a couple of boys going for the naturals in my gym have used it as a run up to the last couple of days prior to show and had good results from it below is some helpful info
Dandelion has a long history. Early colonists brought it to North America, where indigenous people saw its value and used it for its medical and nutritional benefits.
Dandelion leaves and roots have been used for centuries to treat liver, gall bladder, kidney, and joint problems. In some countries, Dandelion is considered a blood purifier and is used for ailments such as eczema and cancer. Dandelion has also been used to treat poor digestion, water retention, and diseases of the liver such as hepatitis.
The first mention of the Dandelion as a medicine is in the works of Arabian physicians of the tenth and eleventh centuries. Thirteenth-century Welsh medicine lauds its properties.
Dandelion is a source of potassium, sodium, calcium, phosphorus and iron. The leaves are a richer source of Vitamin A than carrots and contain some amounts of Vitamins B, C and D. The root contains bitter glycosides, tannins, triterpenes, sterols, volatile oil, choline, asparagin, and inulin.
Diuretic, hepatic, cholagogue, anti-rheumatic, laxative, tonic, bitter. It is a general stimulant to the system, especially to the urinary organs, and is primarily used in kidney and liver disorders.
The root is commonly used as a hepatic. The leaf, taken cool, acts as a diuretic.
The bitter compounds in the leaves and root help stimulate digestion and are mild laxatives. They also increase bile production in the gall bladder and bile flow from the liver. This makes Dandelion a great tonic for people with sluggish liver function due to alcohol abuse or poor diet. The increase in bile flow can help improve fat (including cholesterol) metabolism in the body.
The whole plant is valuable as a general tonic. It may be taken as an infusion of the leaf, a juice extraction, a root decoction, a fluid extract or a tincture. Fresh leaves may be added to salads. The juice extraction is the most potent for medicinal purposes.
Dandelion has reportedly been used to eradicate warts and to soothe calluses, bee stings, or sores.
Many herbalists view the Dandelion as an effective treatment for liver disease, even in extreme cases such as cirrhosis. It can also benefit the pancreas, kidneys, stomach, and spleen. The dried leaf, taken as a tea, is used as a mild laxative to relieve constipation.
Dandelion leaf is a good natural source of potassium, and will replenish any potassium that may be lost due to the herb's diuretic action on the kidneys. This means Dandelion is a safe diuretic in cases of water retention due to heart problems.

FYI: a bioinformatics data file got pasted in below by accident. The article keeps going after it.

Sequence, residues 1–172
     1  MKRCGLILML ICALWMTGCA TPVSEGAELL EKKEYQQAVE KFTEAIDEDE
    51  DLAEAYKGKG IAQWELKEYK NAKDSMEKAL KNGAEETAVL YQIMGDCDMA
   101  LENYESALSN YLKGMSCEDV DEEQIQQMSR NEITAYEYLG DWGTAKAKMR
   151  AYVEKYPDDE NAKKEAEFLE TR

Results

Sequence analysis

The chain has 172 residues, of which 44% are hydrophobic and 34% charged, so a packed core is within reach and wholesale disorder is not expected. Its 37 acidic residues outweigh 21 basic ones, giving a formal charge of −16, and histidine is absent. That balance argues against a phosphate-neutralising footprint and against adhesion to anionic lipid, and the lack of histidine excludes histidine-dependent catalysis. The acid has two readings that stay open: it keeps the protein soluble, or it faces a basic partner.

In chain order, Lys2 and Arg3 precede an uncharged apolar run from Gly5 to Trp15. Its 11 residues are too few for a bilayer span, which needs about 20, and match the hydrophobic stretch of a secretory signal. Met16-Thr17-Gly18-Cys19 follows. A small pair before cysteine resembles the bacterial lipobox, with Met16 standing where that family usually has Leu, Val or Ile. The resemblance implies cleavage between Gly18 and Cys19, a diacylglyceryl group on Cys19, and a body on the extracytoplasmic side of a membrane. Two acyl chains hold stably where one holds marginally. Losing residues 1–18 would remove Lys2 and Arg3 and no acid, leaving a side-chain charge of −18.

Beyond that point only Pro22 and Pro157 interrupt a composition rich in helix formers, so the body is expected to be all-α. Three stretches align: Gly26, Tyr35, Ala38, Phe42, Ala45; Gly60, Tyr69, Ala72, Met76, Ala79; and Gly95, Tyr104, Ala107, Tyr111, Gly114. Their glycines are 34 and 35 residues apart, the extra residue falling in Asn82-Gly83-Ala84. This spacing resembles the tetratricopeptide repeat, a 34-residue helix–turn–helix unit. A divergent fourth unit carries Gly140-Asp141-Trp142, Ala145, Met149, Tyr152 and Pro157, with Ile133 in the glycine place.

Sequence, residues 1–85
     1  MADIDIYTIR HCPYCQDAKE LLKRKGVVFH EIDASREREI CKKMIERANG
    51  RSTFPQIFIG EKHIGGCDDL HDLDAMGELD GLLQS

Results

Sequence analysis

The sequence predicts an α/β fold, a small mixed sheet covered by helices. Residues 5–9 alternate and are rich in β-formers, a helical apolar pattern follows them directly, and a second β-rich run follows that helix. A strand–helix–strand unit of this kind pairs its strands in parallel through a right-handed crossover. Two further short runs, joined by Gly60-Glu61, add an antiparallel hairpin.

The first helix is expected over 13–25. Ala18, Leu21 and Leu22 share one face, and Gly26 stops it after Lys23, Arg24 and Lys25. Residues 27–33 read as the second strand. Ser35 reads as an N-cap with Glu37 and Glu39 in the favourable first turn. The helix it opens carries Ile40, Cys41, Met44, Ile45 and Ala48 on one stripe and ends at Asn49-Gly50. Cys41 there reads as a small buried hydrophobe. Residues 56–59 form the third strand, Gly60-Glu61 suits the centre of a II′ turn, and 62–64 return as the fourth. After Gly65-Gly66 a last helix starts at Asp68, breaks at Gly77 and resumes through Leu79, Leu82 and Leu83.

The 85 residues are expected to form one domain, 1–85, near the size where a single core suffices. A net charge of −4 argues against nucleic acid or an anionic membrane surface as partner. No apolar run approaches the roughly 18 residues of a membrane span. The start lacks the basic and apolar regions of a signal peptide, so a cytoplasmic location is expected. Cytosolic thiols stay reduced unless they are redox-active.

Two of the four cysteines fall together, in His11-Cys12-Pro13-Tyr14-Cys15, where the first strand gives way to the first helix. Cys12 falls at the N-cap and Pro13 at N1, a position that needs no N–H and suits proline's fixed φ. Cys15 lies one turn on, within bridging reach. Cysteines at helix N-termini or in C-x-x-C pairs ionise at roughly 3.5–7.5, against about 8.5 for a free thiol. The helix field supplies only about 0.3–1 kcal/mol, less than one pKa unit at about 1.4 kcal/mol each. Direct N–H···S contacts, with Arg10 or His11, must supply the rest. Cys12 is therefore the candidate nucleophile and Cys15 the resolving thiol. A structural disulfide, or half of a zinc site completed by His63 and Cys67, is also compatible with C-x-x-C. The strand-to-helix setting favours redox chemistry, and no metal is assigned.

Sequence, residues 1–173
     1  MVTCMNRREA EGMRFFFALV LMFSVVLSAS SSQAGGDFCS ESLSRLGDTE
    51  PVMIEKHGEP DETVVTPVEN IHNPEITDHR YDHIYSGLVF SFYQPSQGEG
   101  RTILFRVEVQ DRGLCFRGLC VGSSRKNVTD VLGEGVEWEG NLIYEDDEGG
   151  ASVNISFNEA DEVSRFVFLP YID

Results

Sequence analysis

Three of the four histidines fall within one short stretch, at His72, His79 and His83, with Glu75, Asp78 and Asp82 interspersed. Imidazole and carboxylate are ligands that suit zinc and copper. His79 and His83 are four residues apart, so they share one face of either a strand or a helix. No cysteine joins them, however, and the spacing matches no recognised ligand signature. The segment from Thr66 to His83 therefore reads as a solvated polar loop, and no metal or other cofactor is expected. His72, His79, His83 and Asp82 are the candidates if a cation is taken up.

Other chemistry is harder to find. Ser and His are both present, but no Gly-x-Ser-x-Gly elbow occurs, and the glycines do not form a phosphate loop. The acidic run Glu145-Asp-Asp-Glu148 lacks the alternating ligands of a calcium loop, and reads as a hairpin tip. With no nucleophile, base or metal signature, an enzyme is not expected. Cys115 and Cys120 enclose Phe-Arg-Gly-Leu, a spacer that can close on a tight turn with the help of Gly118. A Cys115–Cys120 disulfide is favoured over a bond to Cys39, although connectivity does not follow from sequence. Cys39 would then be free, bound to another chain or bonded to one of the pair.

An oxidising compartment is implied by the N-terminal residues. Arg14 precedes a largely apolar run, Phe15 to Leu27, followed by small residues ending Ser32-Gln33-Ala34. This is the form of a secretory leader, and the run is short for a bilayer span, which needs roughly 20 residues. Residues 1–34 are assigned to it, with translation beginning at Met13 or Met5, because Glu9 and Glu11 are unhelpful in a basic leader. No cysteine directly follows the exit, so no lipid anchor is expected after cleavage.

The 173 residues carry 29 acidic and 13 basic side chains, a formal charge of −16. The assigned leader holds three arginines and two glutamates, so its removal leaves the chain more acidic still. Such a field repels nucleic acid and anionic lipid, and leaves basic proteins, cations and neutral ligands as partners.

The herb is useful in cases of anaemia and hepatitis, and may help to lower high blood pressure. Dandelion may also provide relief for rheumatism and arthritis.
Dandelion therapy, consisting of therapeutic doses of dandelion preparations taken over time, may help reduce stiffness and increase mobility in situations of chronic degenerative joint disease.
Dandelion as a Diuretic
Most women experience pre-menstrual water retention. The familiar symptoms of weight gain, bloating, breast tenderness, and irritability can make the week prior to menstruation miserable.
A Diuretic helps the body with the elimination of urine. Synthetic diuretics flush important minerals such as potassium from the body. Potassium, together with sodium, helps to regulate muscle and nerve function. The loss of these minerals (called electrolytes) can cause dangerous muscle weakness and loss of co-ordination, and even heart rhythm disturbances. Dandelions are remarkable sources of natural potassium, and offer all the advantages of a balanced diuretic in natural form.
Dandelion as a Hepatic
A Hepatic is a herb, usually a bitter herb, which works particularly well on the liver by toning, nourishing, and strengthening it, and by empowering its activity as the primary blood-cleansing organ in the body.
The blood can be contaminated by stress, lack of exercise, poor diet, toxins, and genetic predisposition. When the blood doesn't flow actively, arthritic pains may result because gases or gravel materials are deposited in the joints. Skin disorders like eczema and psoriasis may result from the body trying to push toxins out through the skin.